Friday Apr 15, 2022
After costly pandemic cancellations, British rock band The Who is back on the road again with THE WHO HITS BACK! tour.
"We're just hitting back at COVID because it stopped us in our tracks. We were, we were going to call it, 'Where Were We?'" lead singer Roger Daltrey said ahead of the tour starting next week.
Canceled charity concerts for The Who's foundation, Teenage Cancer, at London's Royal Albert Hall had cost the group about $3 million, said Daltrey, 78. The charity works with UK and U.S. hospitals to develop state-of-the-art spaces for teens suffering from cancer to meet and stay connected.
Daltrey and Pete Townshend, the band's principal songwriter famed for thrashing his guitar on stage, are the only surviving original members of the group which emerged in 1960s London with drummer Keith Moon and bass player John Entwistle.
The Who has sold more than 100 million records worldwide, with the rock opera "Tommy" and hits like "Won't Get Fooled Again" and "I Can See For Miles."
Daltrey and Townshend, along with six band members and an orchestra, will kick off their North American tour on April 22 in Hollywood, Florida, and wrap it up in Las Vegas in November.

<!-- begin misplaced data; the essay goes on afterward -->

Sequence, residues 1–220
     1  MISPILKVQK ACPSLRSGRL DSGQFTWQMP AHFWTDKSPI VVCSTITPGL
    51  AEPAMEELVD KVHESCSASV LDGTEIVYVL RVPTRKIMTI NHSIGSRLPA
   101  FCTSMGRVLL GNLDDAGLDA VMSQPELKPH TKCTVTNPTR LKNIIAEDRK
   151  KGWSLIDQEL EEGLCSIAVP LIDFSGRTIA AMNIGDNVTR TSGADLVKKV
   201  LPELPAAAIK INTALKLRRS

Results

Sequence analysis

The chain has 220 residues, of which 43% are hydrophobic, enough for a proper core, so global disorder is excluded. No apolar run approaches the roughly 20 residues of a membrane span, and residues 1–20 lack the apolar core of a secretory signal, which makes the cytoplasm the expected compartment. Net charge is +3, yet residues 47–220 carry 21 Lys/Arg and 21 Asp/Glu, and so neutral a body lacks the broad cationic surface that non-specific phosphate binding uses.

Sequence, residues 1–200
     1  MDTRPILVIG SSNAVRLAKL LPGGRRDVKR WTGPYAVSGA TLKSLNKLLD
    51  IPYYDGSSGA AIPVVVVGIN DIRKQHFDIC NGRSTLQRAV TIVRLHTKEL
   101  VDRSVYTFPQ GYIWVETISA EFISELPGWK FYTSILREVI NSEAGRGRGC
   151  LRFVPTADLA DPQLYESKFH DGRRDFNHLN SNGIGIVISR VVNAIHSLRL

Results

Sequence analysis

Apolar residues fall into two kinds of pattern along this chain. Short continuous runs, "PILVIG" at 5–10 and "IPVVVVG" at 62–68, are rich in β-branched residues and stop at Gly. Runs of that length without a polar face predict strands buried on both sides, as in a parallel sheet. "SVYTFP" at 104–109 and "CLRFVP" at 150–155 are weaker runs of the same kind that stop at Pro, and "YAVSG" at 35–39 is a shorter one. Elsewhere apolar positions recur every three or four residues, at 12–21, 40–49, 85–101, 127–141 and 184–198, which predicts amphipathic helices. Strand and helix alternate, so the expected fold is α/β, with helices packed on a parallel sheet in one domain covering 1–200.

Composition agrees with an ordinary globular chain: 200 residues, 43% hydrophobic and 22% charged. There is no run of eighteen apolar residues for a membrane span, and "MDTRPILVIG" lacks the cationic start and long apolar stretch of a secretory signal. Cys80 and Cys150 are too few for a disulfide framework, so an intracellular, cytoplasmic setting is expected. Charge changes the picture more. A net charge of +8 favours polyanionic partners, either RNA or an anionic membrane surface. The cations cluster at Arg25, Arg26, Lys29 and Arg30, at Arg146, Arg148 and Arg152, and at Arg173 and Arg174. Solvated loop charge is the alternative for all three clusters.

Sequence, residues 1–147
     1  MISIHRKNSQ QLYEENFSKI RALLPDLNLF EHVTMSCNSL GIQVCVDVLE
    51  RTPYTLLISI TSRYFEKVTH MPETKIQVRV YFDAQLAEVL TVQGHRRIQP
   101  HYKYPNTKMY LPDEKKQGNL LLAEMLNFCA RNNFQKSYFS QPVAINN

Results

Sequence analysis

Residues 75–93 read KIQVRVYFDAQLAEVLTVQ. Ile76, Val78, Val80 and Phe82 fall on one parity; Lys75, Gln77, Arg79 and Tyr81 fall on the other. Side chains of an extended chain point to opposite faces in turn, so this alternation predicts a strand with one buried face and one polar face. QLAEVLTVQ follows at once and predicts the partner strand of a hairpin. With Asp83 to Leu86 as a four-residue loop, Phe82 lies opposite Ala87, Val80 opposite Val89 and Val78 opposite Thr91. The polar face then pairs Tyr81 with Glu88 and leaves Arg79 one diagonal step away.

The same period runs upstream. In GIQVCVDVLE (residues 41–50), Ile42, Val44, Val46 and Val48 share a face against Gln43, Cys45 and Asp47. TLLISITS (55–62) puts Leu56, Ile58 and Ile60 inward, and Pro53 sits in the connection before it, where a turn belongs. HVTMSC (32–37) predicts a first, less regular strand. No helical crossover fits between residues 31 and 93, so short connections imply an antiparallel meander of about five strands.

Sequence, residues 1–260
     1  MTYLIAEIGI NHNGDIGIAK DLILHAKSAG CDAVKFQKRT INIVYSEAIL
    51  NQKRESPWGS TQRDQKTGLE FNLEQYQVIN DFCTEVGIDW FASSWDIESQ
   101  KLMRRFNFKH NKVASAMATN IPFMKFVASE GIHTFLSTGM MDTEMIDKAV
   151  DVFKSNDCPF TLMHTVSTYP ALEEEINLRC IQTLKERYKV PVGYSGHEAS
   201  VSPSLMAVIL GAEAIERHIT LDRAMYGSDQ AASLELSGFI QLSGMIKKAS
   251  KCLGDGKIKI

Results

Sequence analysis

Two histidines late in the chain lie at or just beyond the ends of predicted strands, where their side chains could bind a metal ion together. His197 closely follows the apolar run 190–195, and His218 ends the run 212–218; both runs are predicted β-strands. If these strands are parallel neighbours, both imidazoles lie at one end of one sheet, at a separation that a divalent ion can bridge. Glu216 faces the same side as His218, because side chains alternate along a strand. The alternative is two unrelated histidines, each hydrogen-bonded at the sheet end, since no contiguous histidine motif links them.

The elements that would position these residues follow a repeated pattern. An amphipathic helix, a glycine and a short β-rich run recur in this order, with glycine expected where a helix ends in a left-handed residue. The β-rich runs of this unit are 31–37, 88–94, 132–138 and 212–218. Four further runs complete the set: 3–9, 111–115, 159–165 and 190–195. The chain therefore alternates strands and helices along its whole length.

The Who's tours have become a lot more complicated, Daltrey said. "We were, we were four guys with eight amplifiers, a drum kit and a sound system. That was it. We turn up in a U-Haul truck and three roadies would suit us for the night."
Daltrey refuses to worry about COVID affecting the tour, he said at his England countryside home. "We're just living our lives. And if you get it and die, you get it and die, you know?"
The rock legend, who has worked with many of the world's top bands, named Mick Jagger as his top rock band frontman followed jointly by Freddie Mercury and Elton John, Bruce Springsteen and David Bowie.
While the band has no plans to stop touring, the time will come, Daltrey acknowledged.
"I've always said about this business. You don't give it up, it gives you up. I will open my mouth and it won't come out like it should. And I will go, that's it, can't do it anymore."